Gotta say: team Wolfram knows how to hype its product!

If you don’t know what WolframAlpha is about, make sure to peek at the screencast introduction.

UPDATE: It looks like wolframalpha.com is (more or less) up and running, give it a try!

11 May 2009 . Comments Off on Not so holy

Not so holy

Apple seems to think religious folk can’t take a little ribbing by an iPhone app. In order to avoid offending religious sensibilities, Apple has rejected the “Me so Holy” app from the iPhone store.

This app lets you use the iPhone camera to place your friend’s face into a picture of Jesus. Or a nun. Or other religious figures. Is Mohammed among them? Good thing Apple does not publish comics.

I think Apple is getting seriously off course by putting itself in the position of policing what uses tools might be put to. Of course “Me so Holy” could create something offensive. But so can virtually any drawing or photo collage application. What makes religious content so sacrosanct? (Um, ok, maybe that’s a dumb question.) Are we really so thin skinned? What makes apps like “iFart” OK, but “Me so Holy” taboo?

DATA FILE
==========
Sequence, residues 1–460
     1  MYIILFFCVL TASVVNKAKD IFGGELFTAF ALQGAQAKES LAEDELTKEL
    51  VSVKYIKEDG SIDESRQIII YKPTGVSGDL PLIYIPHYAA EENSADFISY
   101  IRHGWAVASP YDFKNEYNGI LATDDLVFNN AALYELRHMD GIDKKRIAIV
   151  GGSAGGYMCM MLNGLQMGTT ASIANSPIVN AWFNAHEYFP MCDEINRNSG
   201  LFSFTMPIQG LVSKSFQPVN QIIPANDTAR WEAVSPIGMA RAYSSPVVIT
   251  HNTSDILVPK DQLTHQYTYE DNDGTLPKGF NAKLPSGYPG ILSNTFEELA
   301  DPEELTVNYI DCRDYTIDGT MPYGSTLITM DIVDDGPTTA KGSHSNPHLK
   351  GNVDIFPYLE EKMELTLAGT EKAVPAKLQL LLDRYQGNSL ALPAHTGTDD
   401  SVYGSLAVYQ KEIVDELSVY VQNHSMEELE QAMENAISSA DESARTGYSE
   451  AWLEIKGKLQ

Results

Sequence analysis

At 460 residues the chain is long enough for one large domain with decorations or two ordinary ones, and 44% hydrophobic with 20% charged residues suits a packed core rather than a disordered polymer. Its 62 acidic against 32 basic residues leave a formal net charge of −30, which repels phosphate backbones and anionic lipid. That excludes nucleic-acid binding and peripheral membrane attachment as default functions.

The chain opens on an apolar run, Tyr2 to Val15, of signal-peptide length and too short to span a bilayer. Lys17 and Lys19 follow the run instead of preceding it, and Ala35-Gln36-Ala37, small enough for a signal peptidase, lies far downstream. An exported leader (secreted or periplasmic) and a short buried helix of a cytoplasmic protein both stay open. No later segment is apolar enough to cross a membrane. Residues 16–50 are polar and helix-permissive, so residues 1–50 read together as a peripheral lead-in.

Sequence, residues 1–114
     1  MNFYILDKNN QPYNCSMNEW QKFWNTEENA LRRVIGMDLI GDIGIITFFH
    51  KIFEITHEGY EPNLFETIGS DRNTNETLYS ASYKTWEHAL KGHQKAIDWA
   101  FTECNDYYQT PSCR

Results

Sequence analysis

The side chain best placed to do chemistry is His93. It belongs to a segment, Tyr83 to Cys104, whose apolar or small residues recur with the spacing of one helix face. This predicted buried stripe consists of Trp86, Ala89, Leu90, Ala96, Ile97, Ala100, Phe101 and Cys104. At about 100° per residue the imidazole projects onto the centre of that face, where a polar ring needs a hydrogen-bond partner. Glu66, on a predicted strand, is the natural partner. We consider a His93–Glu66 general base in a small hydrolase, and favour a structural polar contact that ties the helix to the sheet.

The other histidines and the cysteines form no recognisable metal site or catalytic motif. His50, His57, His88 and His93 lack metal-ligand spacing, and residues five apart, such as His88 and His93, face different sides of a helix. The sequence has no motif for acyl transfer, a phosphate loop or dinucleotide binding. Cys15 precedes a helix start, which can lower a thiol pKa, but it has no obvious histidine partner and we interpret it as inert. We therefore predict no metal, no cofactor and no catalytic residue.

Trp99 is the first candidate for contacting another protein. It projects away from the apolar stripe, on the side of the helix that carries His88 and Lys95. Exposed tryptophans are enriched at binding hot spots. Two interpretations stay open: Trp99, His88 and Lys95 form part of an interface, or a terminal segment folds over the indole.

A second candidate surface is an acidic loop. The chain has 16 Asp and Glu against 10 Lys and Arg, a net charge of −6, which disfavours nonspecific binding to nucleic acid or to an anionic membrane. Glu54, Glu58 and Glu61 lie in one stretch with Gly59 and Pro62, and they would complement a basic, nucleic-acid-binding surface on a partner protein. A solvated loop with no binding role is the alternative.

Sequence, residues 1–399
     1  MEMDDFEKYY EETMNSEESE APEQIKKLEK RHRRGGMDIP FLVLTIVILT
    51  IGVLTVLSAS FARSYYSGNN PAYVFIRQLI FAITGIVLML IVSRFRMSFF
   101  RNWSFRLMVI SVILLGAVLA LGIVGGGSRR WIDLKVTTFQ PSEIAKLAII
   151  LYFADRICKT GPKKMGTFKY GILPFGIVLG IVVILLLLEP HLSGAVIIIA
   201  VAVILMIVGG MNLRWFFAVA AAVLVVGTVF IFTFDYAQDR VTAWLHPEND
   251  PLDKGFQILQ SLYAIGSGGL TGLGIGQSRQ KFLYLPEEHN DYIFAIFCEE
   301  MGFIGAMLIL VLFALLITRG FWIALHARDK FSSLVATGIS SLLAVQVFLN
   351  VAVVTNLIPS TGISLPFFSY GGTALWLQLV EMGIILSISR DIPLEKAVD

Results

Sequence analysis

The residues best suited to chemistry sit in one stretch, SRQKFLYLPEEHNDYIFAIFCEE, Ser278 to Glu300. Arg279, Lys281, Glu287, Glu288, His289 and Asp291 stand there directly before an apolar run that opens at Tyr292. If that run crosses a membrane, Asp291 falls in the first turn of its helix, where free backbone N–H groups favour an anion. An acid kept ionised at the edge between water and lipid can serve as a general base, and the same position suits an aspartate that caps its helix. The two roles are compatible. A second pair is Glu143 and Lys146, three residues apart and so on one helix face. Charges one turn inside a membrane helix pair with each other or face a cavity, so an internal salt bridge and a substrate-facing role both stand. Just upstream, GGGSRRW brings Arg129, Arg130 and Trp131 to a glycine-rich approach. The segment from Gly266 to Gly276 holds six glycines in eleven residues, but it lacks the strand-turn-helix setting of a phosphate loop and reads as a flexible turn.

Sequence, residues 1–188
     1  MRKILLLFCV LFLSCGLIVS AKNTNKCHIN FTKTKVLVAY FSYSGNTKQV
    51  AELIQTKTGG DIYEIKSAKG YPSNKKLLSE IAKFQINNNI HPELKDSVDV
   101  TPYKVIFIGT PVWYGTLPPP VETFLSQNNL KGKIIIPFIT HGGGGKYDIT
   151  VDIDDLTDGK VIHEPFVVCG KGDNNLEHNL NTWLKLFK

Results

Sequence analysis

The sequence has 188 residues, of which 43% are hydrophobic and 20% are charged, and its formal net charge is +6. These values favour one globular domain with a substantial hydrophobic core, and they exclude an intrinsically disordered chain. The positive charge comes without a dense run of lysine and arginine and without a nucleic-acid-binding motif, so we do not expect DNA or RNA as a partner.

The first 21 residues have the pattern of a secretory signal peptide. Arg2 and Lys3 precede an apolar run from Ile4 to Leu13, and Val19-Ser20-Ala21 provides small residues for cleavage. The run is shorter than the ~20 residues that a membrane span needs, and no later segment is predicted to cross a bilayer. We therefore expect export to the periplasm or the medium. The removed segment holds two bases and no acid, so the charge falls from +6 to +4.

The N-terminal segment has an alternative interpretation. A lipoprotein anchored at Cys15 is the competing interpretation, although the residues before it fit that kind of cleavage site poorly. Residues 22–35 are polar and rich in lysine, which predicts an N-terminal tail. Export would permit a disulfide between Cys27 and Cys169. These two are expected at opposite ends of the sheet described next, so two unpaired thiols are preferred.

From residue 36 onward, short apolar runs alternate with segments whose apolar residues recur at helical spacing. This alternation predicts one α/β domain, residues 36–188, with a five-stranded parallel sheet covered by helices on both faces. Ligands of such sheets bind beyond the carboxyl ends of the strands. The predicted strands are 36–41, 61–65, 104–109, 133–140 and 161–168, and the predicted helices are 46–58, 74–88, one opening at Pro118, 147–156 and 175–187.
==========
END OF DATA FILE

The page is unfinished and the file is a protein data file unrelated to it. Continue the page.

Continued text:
Apple needs to back off this policing kick. It is a no-win situation for Apple and will only inspire covert shenanigans that will serve nobody. The only criteria for App Store rejection ought to be concern that an app damages the system or itself contains illegal media (child pornography and the like). Otherwise, open the doors.

mesoholy.jpg

11 May 2009 . Comments Off on FFR: Youuutube

FFR: Youuutube

See your YouTube videos in a whole new way. It is fun how these mainstream services reach a scale where people write cool tools to manipulate them. (Hat tip: Andrew)

8 May 2009 . Comments Off on How would it be

How would it be

I was just bowled over tonight. This evening we went to the Performers for Peace concert Mary mentioned a few weeks back. Katie Korpi did this as a senior project at her school, but this was so much more than a project. It was an evening of peace, prayer, and performance that lifted my spirits and gave me a raft of new performers to listen to. If you have not heard of Ellis, Chastity Brown, Chances R Good, or Colleen Buckman, now is your chance. Give them a try. But for me, the song that turned me upside down was Ellis’ “How Would It Be” (also at iTunes). Enjoy.